Catholic Educators Gather in College Church to Honor 19th Century Scholar Cardinal Newman
| A candlelight procession illuminates St. Francis Xavier College Church. Photo by Chad Williams
ST. LOUIS — On Monday night, Saint Louis University celebrated the beatification of Cardinal John Henry Newman.
Pope Benedict XVI recently beatified the 19th century theologian — a penultimate step in the canonization of Cardinal Newman as a saint.
The prayer service and convocation, led St. Louis Archbishop Robert J. Carlson, drew top Catholic educators from across the region. SLU served as sponsor and organizer.
Among those in attendance were the presidents of Fontbonne University, the Aquinas Institute of Theology and Kenrick-Glennon Seminary.
The event also drew student members of the Newman Community at Washington University in St. Louis.
Additionally, the bishop of the Episcopal Diocese of Missouri also attended — Cardinal Newman was an Anglican priest before he converted to Catholicism.
In his opening remarks, Wayne Hellmann, O.F.M., chairman of SLU's theological studies department, told Carlson that his presence was particularly meaningful for the Catholic intellectuals and academics who had gathered for the celebration.
| St. Louis Archbishop Robert J. Carlson presides over the prayer service. Photo by Chad Williams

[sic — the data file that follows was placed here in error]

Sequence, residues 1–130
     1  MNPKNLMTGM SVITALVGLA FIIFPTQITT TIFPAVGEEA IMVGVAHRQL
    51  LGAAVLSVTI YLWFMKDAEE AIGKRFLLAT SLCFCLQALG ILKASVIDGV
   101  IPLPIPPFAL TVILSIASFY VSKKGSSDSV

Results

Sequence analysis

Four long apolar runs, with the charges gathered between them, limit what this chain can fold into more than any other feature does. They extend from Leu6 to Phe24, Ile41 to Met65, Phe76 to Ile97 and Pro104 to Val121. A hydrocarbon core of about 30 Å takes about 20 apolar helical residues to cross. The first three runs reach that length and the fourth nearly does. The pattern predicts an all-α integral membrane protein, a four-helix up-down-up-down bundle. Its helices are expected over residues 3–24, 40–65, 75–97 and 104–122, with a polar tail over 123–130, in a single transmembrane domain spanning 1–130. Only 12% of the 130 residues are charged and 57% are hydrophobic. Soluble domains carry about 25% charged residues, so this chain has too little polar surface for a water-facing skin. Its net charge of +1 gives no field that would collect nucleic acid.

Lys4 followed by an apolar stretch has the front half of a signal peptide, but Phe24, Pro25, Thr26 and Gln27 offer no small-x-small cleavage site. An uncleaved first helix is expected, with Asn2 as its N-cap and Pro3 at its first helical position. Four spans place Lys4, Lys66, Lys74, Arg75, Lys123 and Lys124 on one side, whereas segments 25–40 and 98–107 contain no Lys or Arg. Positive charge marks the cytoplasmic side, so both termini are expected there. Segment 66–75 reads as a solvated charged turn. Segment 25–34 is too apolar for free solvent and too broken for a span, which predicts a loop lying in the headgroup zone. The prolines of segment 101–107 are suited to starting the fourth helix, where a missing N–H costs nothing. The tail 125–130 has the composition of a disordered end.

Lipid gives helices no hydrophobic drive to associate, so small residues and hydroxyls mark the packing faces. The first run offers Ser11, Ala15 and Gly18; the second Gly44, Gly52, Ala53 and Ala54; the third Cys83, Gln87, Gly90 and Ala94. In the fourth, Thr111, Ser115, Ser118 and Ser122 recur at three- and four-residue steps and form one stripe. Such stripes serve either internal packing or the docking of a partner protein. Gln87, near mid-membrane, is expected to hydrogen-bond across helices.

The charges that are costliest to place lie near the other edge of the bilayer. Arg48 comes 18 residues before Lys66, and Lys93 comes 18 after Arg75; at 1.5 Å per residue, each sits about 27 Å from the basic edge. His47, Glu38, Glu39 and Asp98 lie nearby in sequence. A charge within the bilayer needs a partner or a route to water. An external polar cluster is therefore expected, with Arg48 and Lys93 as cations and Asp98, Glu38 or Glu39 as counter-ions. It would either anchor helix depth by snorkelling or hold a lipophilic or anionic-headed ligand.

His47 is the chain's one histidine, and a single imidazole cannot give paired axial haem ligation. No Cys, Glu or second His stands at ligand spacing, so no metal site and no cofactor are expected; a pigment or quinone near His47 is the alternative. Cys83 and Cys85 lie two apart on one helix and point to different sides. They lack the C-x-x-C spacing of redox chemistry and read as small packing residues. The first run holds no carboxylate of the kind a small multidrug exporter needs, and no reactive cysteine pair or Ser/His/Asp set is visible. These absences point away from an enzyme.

"We find support and encouragement in both in your presence among us and in our common reflection on the work and example of Blessed Newman."
SLU is home to several Newman scholars. Among them, Kenneth Parker, Ph.D., associate professor of theological studies, delivered an address Monday night examining the scholar's impact on the Church. He also urged attendees to read Newman's spiritual autobiography.
"In it, he reminds us that God can take persons, even from the most unlikely circumstances, and guide them — us — toward the mission God has prepared for us," Parker said. "We do not need to abandon our intellectual curiosity or love of learning, but trust that God made us for that purpose and revels in our creativity.
Parker went on to say that he hoped Newman's example would "deepen our commitment to do God’s work here at Saint Louis University and at our sister institutions around St. Louis."